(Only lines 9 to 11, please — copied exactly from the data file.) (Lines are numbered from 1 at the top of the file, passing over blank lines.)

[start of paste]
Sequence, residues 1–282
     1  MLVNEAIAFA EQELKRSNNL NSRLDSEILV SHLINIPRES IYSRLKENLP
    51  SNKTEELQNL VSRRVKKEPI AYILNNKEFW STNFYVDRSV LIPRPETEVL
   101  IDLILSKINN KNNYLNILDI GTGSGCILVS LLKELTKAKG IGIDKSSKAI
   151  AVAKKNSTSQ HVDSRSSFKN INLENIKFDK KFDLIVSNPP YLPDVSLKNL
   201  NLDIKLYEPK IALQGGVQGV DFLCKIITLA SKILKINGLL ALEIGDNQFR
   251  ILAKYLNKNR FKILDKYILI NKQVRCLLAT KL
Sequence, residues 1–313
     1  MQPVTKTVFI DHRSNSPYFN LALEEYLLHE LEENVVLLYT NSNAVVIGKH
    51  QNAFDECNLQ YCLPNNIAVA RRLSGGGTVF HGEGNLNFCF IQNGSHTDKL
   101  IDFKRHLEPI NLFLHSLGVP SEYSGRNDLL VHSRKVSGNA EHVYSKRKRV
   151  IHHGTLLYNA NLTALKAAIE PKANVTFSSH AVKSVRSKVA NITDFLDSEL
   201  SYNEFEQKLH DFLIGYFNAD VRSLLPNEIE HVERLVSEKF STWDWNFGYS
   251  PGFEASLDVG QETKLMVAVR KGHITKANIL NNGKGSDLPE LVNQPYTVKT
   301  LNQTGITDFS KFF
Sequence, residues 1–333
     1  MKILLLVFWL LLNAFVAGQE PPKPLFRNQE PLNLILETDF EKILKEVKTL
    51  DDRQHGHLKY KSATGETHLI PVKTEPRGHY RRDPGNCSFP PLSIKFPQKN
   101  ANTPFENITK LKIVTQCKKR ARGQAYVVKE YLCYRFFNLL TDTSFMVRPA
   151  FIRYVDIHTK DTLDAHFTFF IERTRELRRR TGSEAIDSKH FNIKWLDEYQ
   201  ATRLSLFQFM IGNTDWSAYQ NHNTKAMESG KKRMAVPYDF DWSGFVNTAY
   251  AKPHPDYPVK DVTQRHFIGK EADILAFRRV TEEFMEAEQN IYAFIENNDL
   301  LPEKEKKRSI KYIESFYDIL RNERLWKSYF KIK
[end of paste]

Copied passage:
     1  MQPVTKTVFI DHRSNSPYFN LALEEYLLHE LEENVVLLYT NSNAVVIGKH
    51  QNAFDECNLQ YCLPNNIAVA RRLSGGGTVF HGEGNLNFCF IQNGSHTDKL
   101  IDFKRHLEPI NLFLHSLGVP SEYSGRNDLL VHSRKVSGNA EHVYSKRKRV